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VOL. 45 | NO. 28 | Friday, July 9, 2021

TN Health officials have some nerve doing their jobs

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A Tennessee legislator has accused the Tennessee Department of Health of “targeting” young people and threatened the agency with the prospect of being “dissolved and reconstituted.”

Given that the department’s stated mission is “To protect, promote and improve the health and prosperity of people in Tennessee,” you might think that targeting young people – targeting anyone – is a good thing.

We’re pro-health and prosperity, right?

Not exactly. Some people have the happy ability to look at a problem and create a solution. Many members of the Tennessee legislature have the perverse ability to look at a solution and create a problem.

And so it was at a recent meeting of the Joint Government Operations Committee, during which members skewered the health commissioner, Dr. Lisa Piercey, for doing her job.

The department’s offense, in their minds: Making it known that children 12 and older are now eligible for a COVID vaccine.

Specifically, they accused the department and its leadership of using the “mature minor” doctrine, which allows medical treatments for some young people without parental consent, to circumvent parental authority.

Has this been a major problem? No. Piercey told the committee that in a survey of the department’s 89 vaccine sites across the state, only eight young people had been vaccinated without their parents present.

Five had shown up for some other reason, were offered the vaccine and took it, she said.

The three others were her own children.

“I think there is a sense that we’re hiding in dark alleys and whispering to kids, ‘Hey, come get vaccinated,’” she said. “We’re not. We’re not doing that.”

Her chief critic was Rep. Scott Cepicky, who dangled a health department vaccine promo with a photo of a young girl as proof that the department was “targeting our youth for vaccinations right now.”

“Personally, I think it’s reprehensible that we would do that to our youth in Tennessee,” he said.

It was Cepicky who made a motion that health officials be called back before the committee July 21 “for consideration for the dissolving and reconstitution of the department of health.”

At the request of other committee members, he revised the motion to remove that language, but his point had already been made.

You can bet the health officials heard it.

Sen. Kerry Roberts lifted the curtain on the larger issue for legislators. He implored Piercey to “stop marketing to children,” but soon made it clear his beef went beyond just that.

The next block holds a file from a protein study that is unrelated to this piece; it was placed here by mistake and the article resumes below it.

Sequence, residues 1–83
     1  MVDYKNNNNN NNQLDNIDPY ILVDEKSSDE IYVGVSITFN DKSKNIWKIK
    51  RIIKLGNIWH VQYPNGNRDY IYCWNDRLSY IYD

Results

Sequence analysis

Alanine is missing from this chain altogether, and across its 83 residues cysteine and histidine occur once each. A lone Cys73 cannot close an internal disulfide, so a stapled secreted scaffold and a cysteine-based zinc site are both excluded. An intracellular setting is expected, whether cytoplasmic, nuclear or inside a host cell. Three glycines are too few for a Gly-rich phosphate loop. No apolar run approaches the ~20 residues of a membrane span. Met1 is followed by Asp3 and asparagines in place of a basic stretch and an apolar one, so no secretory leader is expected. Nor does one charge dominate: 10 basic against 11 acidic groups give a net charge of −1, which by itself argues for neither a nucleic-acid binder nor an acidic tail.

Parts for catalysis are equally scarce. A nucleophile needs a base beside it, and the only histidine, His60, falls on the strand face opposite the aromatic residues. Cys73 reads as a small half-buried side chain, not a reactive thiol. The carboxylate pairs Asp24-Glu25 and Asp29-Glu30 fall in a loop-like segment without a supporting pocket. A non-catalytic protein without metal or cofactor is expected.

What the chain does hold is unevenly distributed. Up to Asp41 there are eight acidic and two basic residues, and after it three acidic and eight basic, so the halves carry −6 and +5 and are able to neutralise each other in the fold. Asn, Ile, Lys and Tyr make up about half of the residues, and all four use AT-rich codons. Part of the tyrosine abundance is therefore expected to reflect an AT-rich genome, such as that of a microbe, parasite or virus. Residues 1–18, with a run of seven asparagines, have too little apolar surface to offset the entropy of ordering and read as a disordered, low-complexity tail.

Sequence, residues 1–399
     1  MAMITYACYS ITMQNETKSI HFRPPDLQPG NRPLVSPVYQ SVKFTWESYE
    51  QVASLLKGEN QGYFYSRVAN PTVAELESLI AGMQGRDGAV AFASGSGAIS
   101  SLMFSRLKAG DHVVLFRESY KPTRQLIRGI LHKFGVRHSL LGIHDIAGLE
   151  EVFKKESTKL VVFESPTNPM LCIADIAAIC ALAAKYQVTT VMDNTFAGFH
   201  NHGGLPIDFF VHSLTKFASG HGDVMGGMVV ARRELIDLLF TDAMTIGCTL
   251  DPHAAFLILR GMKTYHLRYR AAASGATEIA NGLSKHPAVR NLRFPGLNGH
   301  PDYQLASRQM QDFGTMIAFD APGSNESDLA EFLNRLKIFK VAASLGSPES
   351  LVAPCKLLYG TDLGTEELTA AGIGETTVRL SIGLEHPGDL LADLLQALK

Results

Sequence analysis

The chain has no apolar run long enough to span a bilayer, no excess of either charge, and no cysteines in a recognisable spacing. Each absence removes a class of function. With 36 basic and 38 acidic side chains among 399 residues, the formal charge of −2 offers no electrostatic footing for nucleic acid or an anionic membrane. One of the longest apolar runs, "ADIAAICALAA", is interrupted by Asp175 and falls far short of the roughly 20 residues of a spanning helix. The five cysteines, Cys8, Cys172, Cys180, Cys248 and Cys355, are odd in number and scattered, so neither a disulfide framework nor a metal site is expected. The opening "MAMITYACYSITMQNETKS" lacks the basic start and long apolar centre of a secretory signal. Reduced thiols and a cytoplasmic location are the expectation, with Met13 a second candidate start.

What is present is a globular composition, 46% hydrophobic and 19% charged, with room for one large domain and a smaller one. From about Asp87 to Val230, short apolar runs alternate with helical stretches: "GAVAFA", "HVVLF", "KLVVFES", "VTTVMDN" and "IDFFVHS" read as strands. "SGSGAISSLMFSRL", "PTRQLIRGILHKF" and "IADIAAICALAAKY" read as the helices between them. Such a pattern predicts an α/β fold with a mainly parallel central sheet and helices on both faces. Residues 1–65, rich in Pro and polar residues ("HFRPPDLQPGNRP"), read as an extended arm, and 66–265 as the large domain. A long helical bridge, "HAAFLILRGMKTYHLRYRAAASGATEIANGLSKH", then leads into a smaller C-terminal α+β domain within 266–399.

Department officials need to “ask the question, What is the role of the Department of Health in Tennessee? Is it to meddle in the lives of other people or is it to be a resource?”

Allow me to interpret Roberts’s message: Stay in your lane, health officials. Leave the meddling to legislators, even when it comes to health matters.

And meddle they do. None of the flak Piercey took can be a surprise to anyone who followed General Assembly efforts related to COVID over the past two years. Much legislative time was devoted to stopping any attempt to promote masks, vaccines or any other sensible steps to combat COVID, under the general guise of safeguarding personal freedom.

That attitude was certainly in evidence at the joint committee meeting.

Sen. Janice Bowling, who has made her suspicion of the COVID vaccines clear, called it “shocking” that health officials would offer them to young people and renewed her support of hydroxychloroquine and azithromycin as viable alternatives.

Note here: Piercey, who is a pediatrician, pointed out earlier that the American Academy of Pediatrics recommends the vaccine for those 12 and older.

Rep. Justin Lafferty questioned Piercey over the effectiveness of immunity provided by the vaccine versus that provided by having had the virus – as if contracting the virus were a viable approach to staving it off.

Sen. Mark Pody falsely claimed the vaccine “hasn’t even been fully examined” and noted that roughly 60% of Tennesseans have avoided it.

Here’s what they didn’t bring up: Data reviewed by the Centers for Disease Control and Prevention suggest that 99.5% of the people nationwide who died from COVID-19 over the past six months were unvaccinated.

Need I point out that all this negative response came from Republicans? People who live by the fundamental Reagan concept that government is bad. And who prove it true.

Joe Rogers is a former writer for The Tennessean and editor for The New York Times. He is retired and living in Nashville. He can be reached at jrogink@gmail.com

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